Everyday I walked into my school, went about my day, taught a lesson, helped with a project, showed another PowerPoint, and moved on. It was like clockwork, I was going through the motions, but as my body seemingly moved without thinking, my mind was somewhere else.
I had interviewed for another job at another school. At this point, a few days had passed with no word, but I was trying to be patient. I was in job-search-limbo, stuck in the unknown. I had spent two years at my school in Covington, GA. I spent two years commuting 70 miles a day, dealing with standardized test BS, teaching on no budget, dealing with more students than I had space, and baking to support my program. However, I had also spent two years cultivating relationships, building my classes, developing projects, and most importantly getting to know my students. I loved my students. I hated that I knew there was a possibility I would leave, and they had no idea.
Although I loved my kids, I wanted to leave my school more. There will always be kids I am attached to, there will always be another class I could wait to see graduate, so I have to put myself first. This school exhausted me. The schedule, the non-art-related-seemingly-pointless extras, the energy and effort I put into an underfunded program was wearing me thin. I needed change, and I went looking for it.
I interviewed for a 4th/5th grade photography/printmaking art teacher position, at a prominent private school, a very short distance from my house. I loved the facility, other art teachers, principal, supplies, and of course commuting distance. I was hesitant about moving from my beloved high school position to an elementary school; but I was willing to take the risk. I walked out of the interview feeling like I had the job. I truly believed I nailed it, but now the waiting game began.
As the days passed my patience began to wear and other stresses crept in. This job was not only important for me, it was also important for my fellow art teacher, Morgan, whose position was recently cut due to budget cuts. She wanted to stay, it was the best place for her to be. And here I was dying to get out, how unfair was it that I got to stay and she had to leave? If I got this job it meant a new start for me and a secure job for her. The sense of responsibility felt heavy on my shoulders.
I continued to go about my day. I tried to focus, act like nothing was going on, but I couldn’t help but be distracted. The future of Morgan and my careers were on the line, dependent on a single e-mail or phone call. I just wanted to hear the words “I’m sorry” or “Congratulations”, I just wish I knew what was coming next…
- Visual journal
- rubber cement
- Old book pages
- Magazine image
- Packaging tape
- “W” magazine image
To create this visual journal page I took a look in my visual journal folder. Whenever I find things in magazine that I love, but don’t have plans for just yet, I stick it in my folder. Every now and then I pull out my folder, flip through, and consider what page I will be working on next, and if anything can be used in it. I had previously saved the fancy letter w, thinking I would use it in some Whitney themed page, but instead I decided it would be a nice addition to this one; and that’s where I started.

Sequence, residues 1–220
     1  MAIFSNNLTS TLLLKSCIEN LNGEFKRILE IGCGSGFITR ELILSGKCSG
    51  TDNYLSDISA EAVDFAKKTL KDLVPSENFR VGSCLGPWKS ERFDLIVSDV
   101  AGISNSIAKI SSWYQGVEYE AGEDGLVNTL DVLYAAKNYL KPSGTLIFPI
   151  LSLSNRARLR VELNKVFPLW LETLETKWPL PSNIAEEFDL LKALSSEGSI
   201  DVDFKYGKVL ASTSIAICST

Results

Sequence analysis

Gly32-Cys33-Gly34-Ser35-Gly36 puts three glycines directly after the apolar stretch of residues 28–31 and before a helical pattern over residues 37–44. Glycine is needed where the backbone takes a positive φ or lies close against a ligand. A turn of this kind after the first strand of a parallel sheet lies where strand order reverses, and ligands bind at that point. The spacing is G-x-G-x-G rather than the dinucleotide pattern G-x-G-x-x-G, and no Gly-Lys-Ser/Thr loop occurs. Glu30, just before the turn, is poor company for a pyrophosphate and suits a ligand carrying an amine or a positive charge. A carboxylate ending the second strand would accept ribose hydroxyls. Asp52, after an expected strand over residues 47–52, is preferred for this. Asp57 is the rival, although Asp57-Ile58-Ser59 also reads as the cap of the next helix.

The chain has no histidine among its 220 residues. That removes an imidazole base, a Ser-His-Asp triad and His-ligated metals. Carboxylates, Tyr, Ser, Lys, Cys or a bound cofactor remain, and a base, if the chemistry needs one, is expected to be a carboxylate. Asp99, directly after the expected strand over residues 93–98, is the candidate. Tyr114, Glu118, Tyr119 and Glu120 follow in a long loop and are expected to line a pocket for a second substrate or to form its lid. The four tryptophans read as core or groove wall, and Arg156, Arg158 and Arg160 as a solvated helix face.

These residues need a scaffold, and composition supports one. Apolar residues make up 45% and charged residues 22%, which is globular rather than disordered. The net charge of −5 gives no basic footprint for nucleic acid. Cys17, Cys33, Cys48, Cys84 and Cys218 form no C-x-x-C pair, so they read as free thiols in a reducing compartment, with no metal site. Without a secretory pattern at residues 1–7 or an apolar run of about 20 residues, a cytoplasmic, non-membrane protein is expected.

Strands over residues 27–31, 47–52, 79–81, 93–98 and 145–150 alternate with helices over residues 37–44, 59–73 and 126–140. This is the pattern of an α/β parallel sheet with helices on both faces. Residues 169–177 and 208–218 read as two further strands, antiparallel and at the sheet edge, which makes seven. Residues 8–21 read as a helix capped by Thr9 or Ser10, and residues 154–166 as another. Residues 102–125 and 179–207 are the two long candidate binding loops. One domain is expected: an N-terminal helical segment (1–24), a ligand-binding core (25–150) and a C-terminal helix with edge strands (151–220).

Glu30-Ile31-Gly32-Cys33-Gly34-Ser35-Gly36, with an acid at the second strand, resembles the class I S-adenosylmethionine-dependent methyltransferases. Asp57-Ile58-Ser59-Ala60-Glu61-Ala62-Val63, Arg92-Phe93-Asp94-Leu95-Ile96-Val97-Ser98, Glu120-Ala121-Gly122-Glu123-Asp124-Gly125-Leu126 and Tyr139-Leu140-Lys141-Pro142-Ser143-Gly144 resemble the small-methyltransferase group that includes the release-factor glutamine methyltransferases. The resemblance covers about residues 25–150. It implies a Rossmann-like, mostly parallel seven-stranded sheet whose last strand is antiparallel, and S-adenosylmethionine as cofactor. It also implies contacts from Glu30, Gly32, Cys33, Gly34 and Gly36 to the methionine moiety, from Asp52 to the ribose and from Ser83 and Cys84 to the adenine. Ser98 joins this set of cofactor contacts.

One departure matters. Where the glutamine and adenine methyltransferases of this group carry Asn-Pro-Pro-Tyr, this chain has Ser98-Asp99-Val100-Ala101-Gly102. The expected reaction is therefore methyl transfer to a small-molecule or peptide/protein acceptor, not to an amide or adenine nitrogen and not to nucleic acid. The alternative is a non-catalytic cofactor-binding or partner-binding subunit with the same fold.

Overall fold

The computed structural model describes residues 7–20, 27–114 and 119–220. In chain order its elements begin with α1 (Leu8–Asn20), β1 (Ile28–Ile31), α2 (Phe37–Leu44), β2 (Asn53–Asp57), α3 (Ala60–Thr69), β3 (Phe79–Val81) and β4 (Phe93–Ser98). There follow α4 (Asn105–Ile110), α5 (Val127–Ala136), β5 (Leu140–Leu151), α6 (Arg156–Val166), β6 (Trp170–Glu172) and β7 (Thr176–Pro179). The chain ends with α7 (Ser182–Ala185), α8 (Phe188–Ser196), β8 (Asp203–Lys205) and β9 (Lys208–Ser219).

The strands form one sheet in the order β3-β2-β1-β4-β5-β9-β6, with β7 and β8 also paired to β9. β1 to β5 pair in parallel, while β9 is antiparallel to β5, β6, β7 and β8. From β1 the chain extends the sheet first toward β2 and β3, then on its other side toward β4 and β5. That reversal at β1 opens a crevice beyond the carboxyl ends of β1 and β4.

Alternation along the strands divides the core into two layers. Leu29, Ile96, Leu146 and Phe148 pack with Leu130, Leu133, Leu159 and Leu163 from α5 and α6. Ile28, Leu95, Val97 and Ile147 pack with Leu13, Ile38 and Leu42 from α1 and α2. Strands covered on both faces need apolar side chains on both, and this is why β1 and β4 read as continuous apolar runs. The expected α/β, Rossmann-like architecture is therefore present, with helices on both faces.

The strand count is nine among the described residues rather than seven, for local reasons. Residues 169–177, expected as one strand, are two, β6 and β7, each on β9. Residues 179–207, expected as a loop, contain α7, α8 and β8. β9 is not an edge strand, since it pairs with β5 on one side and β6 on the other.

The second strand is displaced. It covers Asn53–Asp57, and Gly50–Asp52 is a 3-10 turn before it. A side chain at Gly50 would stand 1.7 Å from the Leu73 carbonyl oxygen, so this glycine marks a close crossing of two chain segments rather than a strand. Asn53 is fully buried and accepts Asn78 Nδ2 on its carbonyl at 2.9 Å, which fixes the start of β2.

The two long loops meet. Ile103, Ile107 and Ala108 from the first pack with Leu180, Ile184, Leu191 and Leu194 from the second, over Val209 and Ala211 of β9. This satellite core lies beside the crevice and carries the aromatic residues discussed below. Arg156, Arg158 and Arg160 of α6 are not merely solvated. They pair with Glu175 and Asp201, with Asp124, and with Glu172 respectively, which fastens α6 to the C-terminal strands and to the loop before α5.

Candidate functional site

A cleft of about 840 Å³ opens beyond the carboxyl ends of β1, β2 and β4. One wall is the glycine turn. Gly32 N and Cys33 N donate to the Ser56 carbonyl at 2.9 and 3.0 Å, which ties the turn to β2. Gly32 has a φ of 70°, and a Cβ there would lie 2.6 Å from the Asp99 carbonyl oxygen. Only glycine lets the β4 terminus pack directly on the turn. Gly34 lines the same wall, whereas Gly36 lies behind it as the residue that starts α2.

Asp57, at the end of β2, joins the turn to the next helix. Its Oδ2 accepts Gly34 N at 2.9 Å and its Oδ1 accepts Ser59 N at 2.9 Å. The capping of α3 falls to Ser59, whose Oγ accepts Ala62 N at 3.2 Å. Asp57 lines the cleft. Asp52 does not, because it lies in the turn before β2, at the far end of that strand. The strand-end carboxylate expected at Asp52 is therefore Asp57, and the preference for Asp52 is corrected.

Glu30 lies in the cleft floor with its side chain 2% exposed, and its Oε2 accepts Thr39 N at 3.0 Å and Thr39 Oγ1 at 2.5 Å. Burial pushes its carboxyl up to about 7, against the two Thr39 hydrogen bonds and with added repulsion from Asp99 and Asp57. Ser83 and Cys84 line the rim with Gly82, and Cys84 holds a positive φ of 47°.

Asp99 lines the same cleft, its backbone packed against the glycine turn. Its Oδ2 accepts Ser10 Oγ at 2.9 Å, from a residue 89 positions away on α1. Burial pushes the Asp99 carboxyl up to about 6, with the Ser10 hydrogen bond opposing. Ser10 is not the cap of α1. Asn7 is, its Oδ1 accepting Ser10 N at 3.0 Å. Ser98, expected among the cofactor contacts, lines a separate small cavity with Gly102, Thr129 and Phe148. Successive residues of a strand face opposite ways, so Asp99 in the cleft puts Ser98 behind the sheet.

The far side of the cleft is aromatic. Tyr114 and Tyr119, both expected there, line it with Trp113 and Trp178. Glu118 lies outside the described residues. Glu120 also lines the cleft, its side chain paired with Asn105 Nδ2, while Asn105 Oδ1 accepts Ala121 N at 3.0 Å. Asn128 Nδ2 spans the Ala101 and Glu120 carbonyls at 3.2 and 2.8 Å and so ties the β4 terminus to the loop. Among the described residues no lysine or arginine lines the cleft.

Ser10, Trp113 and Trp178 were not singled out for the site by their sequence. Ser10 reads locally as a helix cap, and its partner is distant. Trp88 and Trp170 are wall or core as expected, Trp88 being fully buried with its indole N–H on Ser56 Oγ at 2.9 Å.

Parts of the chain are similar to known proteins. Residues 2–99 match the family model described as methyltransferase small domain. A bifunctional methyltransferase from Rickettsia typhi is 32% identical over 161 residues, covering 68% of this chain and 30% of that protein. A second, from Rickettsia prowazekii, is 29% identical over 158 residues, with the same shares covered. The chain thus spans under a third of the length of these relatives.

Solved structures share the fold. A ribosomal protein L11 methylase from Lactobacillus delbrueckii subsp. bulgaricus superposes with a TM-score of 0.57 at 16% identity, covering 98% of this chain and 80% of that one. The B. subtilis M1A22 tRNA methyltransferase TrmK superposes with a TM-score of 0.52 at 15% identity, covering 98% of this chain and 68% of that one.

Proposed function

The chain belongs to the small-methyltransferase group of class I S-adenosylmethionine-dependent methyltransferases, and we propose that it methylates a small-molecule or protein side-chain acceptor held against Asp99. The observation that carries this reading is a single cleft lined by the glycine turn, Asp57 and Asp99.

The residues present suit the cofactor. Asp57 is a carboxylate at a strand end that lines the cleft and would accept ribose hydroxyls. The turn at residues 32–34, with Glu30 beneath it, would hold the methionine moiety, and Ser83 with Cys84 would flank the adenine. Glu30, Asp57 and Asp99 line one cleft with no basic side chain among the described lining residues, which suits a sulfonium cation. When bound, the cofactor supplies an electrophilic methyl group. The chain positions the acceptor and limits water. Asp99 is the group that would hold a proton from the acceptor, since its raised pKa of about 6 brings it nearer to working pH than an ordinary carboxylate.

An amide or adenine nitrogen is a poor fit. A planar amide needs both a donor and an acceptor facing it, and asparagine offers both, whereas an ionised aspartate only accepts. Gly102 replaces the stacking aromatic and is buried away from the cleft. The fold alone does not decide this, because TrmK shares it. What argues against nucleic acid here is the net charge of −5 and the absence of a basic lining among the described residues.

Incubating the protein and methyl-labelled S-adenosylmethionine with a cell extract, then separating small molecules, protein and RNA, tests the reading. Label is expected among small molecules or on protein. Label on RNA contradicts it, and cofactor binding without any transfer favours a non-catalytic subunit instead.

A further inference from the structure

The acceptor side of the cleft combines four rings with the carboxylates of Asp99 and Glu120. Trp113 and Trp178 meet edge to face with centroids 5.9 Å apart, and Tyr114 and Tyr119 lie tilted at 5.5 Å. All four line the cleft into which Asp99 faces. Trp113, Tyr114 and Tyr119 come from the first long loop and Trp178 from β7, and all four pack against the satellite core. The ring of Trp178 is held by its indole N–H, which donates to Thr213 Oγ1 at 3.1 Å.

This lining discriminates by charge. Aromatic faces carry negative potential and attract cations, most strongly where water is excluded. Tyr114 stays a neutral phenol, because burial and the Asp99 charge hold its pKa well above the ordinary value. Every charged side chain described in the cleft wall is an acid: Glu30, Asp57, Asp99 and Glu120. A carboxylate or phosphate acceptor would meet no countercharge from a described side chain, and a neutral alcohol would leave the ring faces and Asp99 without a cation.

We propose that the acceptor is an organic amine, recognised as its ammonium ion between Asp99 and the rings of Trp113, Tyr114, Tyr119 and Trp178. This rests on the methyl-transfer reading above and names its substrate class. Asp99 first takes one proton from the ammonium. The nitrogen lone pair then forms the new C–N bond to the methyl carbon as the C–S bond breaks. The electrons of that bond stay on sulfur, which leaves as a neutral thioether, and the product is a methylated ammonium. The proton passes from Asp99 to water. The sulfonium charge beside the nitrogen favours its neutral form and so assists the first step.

Next I flipped through a few magazines in search of a female figure in a thoughtful, longing, or forlorn stance. I hate having a specific image in mind, and trying to find something to fit in the small box I created. However, I was very lucky in this case because I happened to stumble upon an image of a girl, standing in a doorway, looking at something unknown, just out of reach. It was perfect, and I immediately ripped it out.
I decided to create a tape transfer of the image to create an even more euphoric look. I stuck packing tape to the front of the image, sticky side down. I then rubbed the back of the magazine picture with scissor handles, to ensure the ink was stuck to the tape. Next, I soaked the image in water until the paper began peeling off the back. I rubbed the paper away with my fingers, until only the ink was left, stuck to the tape.
Since there was a lot of ink on the image, the tape was no longer sticky. I decided to attach it to the page using rubber cement. This turned out to be a very happy accident. A chemical reaction happened with the rubber cement and tape. The tape began to bubble up, and as I tried to flatten it to the page, the ink began to smear. I was very shocked at first, the perfect image I found was now ruined! But as I took another look I realized you could still make out the figure in the doorway, and the swirly ink made it look even more dreamlike. I have learned form my mistake and if I want a nice clear image I use Elmer’s glue or more packaging tape to attach my tape transfers to my pages, if they are no longer sticky on the back.
To frame my tape transfer I ripped up yellowed book pages, and glued them down around the edge. To reflect this on the left side I ripped up sections of the book pages without text, and glued it into a strip. I then wrote my text with a pencil, to help me decide where to place my elaborate W. Once I had everything laid out I glued down the W with rubber cement and went over the pencil text with an extra fine sharpie.
Create a visual journal page about a time you experienced limbo in your life; whether that means an unknown future or the game!
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